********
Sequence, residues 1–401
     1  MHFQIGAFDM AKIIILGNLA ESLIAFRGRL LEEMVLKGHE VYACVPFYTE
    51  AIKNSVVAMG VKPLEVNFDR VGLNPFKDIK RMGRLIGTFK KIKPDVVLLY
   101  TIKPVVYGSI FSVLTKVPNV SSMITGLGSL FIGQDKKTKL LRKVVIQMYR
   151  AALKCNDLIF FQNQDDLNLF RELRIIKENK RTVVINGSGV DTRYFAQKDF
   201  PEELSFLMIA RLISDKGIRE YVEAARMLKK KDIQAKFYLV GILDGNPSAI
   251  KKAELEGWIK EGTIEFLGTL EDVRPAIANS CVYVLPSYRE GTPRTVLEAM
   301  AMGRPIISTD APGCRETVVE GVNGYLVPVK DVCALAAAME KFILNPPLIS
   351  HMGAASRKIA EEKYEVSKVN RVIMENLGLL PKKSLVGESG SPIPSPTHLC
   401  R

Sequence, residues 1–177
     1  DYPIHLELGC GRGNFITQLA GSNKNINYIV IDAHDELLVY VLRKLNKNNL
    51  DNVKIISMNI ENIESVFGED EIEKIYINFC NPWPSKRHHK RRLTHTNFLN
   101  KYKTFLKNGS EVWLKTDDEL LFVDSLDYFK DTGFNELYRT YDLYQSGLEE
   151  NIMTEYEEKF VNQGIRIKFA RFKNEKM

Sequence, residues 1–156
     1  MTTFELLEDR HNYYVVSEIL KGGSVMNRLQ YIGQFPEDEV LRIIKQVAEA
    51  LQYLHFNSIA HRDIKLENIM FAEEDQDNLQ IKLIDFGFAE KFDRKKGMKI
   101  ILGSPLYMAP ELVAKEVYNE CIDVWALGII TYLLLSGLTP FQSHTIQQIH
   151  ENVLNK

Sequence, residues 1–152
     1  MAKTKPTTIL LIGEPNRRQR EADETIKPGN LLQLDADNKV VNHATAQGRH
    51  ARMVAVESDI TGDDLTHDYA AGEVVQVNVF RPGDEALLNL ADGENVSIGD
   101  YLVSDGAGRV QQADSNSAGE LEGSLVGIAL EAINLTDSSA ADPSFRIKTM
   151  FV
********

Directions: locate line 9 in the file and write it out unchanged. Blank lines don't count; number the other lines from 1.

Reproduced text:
   351  HMGAASRKIA EEKYEVSKVN RVIMENLGLL PKKSLVGESG SPIPSPTHLC